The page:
In 1998, a jury awarded Hunter's mother $2.9 million in damages, determining that the fire department staff had violated the 1977 Human Rights Law.
Sex Discrimination Law Demands 'Respect'
"Now, if a patient divulges he or she is transgender, if the doctor consistently mixes the genders or misnames someone or treats anybody in unkind ways, [the transgender patient] has recourse to file complaints," said Villano.
The law does not require insurance coverage, but "basic respect," he said.
That is what 37-year-old Shane Morgan said was missing last August when he developed a urinary tract infection on a Friday. He couldn't get an appointment with his doctor, so he went to a grocery store clinic seeking antibiotics.
"I was in an open seating area and the nurse looked at the paperwork and looked at me and she said, 'You don't have a UTI, you have an STI (sexually transmitted infection)," said Morgan.
When he whispered to her that he was transgender, hoping they could speak privately about his female genitals he said the nurse was "very rude and uncomfortable" and refused to ask his symptoms or treat him.
"I am short, stocky, with a beard and am bald, but you can't judge a book by its cover," said Morgan, who has had his breasts removed and is on testosterone.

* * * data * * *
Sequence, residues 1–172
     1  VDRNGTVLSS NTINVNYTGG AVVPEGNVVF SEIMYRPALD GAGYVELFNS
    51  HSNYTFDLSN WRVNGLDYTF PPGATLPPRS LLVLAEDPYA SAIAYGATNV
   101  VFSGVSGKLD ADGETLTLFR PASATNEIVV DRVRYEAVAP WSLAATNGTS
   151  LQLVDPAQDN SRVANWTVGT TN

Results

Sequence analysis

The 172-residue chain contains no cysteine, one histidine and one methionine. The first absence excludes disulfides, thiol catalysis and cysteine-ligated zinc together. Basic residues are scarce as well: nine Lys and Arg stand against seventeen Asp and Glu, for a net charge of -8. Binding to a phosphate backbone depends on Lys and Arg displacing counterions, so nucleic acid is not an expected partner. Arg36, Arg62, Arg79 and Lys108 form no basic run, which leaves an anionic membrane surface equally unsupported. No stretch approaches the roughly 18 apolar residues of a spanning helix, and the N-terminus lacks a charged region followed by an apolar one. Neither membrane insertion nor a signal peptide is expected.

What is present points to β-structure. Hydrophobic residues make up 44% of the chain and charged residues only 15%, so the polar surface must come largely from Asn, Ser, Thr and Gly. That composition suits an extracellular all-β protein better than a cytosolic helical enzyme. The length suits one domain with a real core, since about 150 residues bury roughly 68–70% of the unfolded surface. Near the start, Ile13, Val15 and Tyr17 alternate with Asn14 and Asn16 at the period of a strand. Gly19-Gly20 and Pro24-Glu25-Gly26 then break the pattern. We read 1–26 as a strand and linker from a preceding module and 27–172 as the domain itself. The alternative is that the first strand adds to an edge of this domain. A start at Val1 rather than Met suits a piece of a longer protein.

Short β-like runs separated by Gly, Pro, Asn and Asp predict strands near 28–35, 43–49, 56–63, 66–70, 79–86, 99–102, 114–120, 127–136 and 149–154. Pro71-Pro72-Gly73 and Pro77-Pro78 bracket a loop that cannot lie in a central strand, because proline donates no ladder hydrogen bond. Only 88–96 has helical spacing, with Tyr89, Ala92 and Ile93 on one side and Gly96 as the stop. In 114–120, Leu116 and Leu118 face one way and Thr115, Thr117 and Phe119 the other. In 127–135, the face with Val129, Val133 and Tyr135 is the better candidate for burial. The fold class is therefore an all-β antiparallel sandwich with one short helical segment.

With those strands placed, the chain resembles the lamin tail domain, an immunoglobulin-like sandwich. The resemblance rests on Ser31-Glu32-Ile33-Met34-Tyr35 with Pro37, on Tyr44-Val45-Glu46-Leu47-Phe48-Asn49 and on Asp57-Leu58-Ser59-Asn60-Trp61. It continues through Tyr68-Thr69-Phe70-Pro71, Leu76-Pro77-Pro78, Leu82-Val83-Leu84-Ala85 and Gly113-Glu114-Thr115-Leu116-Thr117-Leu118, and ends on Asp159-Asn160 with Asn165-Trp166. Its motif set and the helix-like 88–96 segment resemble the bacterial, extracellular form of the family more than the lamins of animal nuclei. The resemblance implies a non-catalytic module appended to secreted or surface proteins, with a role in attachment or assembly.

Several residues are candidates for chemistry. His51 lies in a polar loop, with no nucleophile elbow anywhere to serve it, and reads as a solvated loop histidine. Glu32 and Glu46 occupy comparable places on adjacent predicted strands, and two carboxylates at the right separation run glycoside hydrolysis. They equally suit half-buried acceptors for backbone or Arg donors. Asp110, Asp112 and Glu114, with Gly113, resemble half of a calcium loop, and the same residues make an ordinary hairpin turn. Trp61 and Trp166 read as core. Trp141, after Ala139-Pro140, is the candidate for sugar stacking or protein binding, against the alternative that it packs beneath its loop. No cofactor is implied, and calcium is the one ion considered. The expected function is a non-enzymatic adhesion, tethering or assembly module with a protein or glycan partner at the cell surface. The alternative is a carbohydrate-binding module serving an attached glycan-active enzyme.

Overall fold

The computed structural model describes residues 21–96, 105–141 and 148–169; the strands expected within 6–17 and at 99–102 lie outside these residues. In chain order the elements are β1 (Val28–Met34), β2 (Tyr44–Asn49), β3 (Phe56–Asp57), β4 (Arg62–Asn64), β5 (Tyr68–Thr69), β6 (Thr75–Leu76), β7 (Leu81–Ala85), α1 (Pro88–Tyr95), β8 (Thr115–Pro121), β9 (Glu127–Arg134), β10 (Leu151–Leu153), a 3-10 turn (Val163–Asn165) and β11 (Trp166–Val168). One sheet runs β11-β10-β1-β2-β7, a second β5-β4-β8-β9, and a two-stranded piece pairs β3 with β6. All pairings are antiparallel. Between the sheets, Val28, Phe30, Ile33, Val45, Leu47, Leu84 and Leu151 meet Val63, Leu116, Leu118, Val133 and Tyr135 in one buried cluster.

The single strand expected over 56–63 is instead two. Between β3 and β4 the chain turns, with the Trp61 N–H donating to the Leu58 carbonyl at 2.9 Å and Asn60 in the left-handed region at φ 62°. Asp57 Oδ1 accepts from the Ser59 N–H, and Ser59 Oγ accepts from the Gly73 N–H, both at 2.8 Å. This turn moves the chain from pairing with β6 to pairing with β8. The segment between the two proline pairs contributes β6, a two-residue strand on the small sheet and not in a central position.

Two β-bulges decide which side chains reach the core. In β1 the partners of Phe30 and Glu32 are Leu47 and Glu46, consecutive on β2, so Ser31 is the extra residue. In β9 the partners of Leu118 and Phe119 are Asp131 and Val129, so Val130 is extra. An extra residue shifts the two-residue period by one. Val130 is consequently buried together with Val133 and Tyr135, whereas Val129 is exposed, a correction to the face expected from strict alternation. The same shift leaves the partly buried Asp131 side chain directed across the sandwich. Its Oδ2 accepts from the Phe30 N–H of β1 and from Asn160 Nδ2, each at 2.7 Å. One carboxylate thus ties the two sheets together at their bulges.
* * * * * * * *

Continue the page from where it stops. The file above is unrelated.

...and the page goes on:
In the end, she said, "I am not comfortable with your anatomy," and handed him an over-the-counter product. "I was both shocked and floored," he said.
"Medical professionals take an oath to do no harm, and not providing care, regardless of what a person looks like, you could do them harm," said Morgan, who by Monday had a full-blown kidney infection.
As for Kallio, he spoke to hospital officials after both incidents of hostility, telling them he'd had "difficulty" communicating with them.
"In the first instance, I think the surgeon had a complex feeling of moral objection. A certain type of judgment and suspicion was made," said Kallio.
"He was an experienced surgeon and I needed the benefit of his opinion," said Kallio. "He didn't know what to call me ... and he had trouble with my transgender status. It was very overt, but at least he had the forthrightness to talk about it."
In the second instance, Kallio said the oncologist may have felt "de-skilled and defensive."
"Overall, they don't know what to do or how to handle your case," he said. "The endocrine stuff really intimidates them. They find your case terrifying and fear liability."
As a result of both incidents, he had to find new doctors. The experience was not only "demoralizing" but has likely affected Kallio's long-term health. So far, he has no idea if the cancer has come back.
"I have not been able to go back for follow up checks because I was forced into an HMO that does not accept the oncologist who is willing to treat me, so I will need to find another congenial provider who is willing to treat a transgender person," he said.
As for the new healthcare law and its ban on sex discrimination, Kallio said the clarification for transgender people is "a huge event."
"It is very important to me and other people that we don't face those kinds of obstacles," he said. "I am medically savvy with a medical background, white and speak English. If I have every advantage, it doesn't bode well for other people."